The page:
Windswept Broom Moss
Dicranum scoparium
Broom Moss family (Dicranaceae)
Description: This evergreen perennial moss forms loose to dense tufts of plants about –4" (2-10 cm.) tall; its growth habit is acrocarpous. The foliage is yellowish green to dark green above, becoming brown and withered below. The erect to ascending stems are covered with very fine rhizoids with a fuzzy appearance; these rhizoids are usually brown, but less often they are white. The leaves are about 4-9 mm. long and 1–1.5 mm. across, occurring all around each stem; they are densely distributed, overlapping, and ascending. The leaves are linear-lanceolate in shape and they have a tendency to arc in the same direction (falcate-secund), tapering very gradually toward their tips. The leaf margins along the outer one-third of their length are usually serrated, while their margins along the lower two-thirds of their length are usually entire (toothless). The leaves curve upward along their midribs. These midribs are narrow and a darker shade of green than the remaining leaf surface; they are 4-ridged along the lower surface of the leaves. When the leaves of this moss are dry, they differ little from the leaves when this moss is moist. The leaf cells are mostly oblong-angular in shape, except at the base of each leaf, where they are translucent, larger in size, and more square-shaped. This moss is dioecious, forming male reproductive organs and female reproductive organs on separate plants. Male plants are less common than female plants and usually dwarfed in size; such dwarfed plants develop from the rhizoids along the stems of female plants. This close arrangement facilitates the fertilization of female plants. On rare occasions, full-sized male plants will develop independently of any female plants. After fertilization occurs, female plants develop solitary sporophytes (rarely 2 sporophytes) from their apices; each sporophyte consists of a spore-bearing capsule on a long slender stalk (seta). These stalks are yellow to reddish brown at maturity and about –2" (2–5 cm.) long.



At maturity, the capsule bodies are 2.5–3.5 mm. long, ellipsoid-cylindrical in shape, somewhat curved to one side, and orange to reddish brown. The lids (opercula) of these capsule bodies taper abruptly into long beaks; they are about 2.5–3.5 mm. long and orange to reddish brown at maturity. The hoods (calyptrae) covering the lids and capsule bodies are long-beaked, membranous, and hairless; they soon fall to the ground. After the lids fall from the capsule bodies, a ring of 16 teeth is revealed. The spores in each capsule are released through the circular opening between the teeth, and they are released to the wind. Individual spores are about 14-24 micrometers across and minutely warty. Individual plants are anchored to the ground by their buried lower stems and coarse rhizoids.

Description: The preference is partial sun to medium shade, wet to dry-mesic conditions, and an acidic ground soil containing humus. This moss will also grow on acidic rocks if there is a thin layer of soil or other organic material across their surfaces.

Range & Habitat: Windswept Broom Moss (Dicranum scoparium) is occasional in Illinois and widely scattered throughout the state (see Distribution Map), where it is native. This moss is widely distributed in North America, and it also occurs in Europe, Asia, Australia, and New Zealand. In Illinois, habitats include ground soil in upland woodlands, thinly wooded bluff tops, wooded hillsides, upper slopes of ravines, shaded banks along creeks and rivers, sandstone outcrops, sandstone cliffs, partially shaded rocky ground, well-rotted logs in sandy savannas, sandy ground at tree bases, and Tamarack swamps. Windswept Broom Moss is usually found in upland wooded areas, especially if they are rocky, although it occasionally occurs on shaded wet ground where competition from other plants is reduced. This is a relatively long-lived and fairly conservative species.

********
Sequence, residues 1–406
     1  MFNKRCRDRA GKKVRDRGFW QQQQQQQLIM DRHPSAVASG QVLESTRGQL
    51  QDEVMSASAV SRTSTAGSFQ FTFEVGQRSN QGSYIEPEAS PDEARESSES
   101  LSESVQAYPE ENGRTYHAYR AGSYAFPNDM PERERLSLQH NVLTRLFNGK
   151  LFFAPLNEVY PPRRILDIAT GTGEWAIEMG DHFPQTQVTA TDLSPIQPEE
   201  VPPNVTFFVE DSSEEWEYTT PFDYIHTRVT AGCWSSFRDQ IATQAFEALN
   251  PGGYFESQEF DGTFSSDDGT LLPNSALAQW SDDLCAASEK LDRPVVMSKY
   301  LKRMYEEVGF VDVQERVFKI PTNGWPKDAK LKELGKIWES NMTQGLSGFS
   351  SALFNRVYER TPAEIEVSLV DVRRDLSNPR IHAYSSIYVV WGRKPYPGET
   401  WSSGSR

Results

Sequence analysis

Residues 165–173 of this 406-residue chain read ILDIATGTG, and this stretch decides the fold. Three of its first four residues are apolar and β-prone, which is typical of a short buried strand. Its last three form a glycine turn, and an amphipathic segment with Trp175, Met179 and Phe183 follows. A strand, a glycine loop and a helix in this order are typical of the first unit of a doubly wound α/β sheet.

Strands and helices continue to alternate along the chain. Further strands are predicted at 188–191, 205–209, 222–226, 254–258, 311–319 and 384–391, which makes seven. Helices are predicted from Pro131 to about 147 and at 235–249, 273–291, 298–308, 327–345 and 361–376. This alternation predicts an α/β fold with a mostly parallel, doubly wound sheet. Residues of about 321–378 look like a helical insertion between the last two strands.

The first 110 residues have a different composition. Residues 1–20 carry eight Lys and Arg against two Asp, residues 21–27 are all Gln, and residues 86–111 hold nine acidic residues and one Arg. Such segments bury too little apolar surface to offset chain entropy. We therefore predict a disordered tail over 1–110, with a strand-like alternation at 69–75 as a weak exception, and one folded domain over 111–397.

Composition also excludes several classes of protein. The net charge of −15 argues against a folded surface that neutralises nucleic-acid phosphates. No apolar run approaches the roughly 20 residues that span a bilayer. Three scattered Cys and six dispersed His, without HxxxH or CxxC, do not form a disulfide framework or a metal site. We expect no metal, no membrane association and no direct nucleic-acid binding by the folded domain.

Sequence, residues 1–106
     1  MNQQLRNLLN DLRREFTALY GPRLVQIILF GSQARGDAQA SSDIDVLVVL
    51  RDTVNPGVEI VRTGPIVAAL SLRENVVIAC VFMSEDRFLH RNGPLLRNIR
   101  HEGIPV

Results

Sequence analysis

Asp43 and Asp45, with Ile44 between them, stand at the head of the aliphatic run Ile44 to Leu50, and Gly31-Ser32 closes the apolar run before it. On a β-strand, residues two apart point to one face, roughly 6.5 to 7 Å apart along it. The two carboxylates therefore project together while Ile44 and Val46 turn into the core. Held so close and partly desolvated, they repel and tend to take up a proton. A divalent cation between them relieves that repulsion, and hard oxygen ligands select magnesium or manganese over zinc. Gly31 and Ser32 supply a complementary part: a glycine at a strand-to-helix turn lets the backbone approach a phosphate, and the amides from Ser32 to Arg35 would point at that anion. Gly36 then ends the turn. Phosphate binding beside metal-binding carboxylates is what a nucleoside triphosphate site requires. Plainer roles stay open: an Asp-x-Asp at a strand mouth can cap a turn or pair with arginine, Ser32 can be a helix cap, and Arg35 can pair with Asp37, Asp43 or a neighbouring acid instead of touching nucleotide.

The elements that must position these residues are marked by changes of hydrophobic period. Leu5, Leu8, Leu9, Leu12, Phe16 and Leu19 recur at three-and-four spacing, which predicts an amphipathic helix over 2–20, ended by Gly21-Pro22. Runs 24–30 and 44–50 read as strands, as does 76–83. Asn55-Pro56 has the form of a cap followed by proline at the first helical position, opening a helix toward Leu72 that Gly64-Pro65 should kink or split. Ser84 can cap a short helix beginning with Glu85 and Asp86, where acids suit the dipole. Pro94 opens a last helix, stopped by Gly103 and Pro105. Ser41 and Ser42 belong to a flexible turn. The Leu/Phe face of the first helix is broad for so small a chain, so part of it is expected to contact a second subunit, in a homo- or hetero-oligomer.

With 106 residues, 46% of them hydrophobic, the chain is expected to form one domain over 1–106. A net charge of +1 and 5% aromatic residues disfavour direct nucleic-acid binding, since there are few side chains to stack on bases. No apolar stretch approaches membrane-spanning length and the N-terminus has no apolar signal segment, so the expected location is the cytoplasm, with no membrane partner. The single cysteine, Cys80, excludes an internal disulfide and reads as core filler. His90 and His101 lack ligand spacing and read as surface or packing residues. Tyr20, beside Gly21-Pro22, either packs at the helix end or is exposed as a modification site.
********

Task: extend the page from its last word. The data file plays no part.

Faunal Associations: Colonies of this moss provide hiding places for many small invertebrate animals. A lace bug, Acalypta duryi, feeds on this moss in North Carolina and other areas of the SE United States (Wheeler & Reeves, 2004). In general, lace bugs in this genus feed on mosses. In Europe, larvae of crane fly species and moth species are also known to feed on this moss.

Photographic Location: The slope of a large sandstone ravine at Portland Arch Nature Preserve in west-central Indiana.

Comments: This is an attractive, moderately large moss, with graceful curved leaves. It is the most common species of its genus in Illinois. There are several native Dicranum spp. (Broom Mosses) in Illinois; they vary considerably in size and in the orientation of their leaves. Windswept Broom Moss (Dicranum scoparium) is rather distinctive because of its large size and the tendency of its leaves to curve in the same direction. One species, Dicranum fuscescens, has similar-sized leaves that are also falcate-secund (arc in the same direction), but its leaves become more curly and crisped when they become dry. This species is very rare in Illinois, if it occurs at all within the state. Another very rare species within the state, Dicranum majus, also has falcate-secund leaves, but they are longer (8-12 mm. in length), and individual plants of this species often produce multiple spore-bearing capsules on long stalks, rather than solitary ones. Yet another species of this genus, Dicranum polysetum, is also rare in Illinois. This latter species has slightly longer leaves (7-10 mm. in length) that are often falcate (form arcs), but they curve in different directions and its leaves are more wrinkled in appearance, whether they are moist or dry. The other Dicranum spp. (Broom Mosses) that occur within the state have smaller leaves than Windswept Broom Moss.
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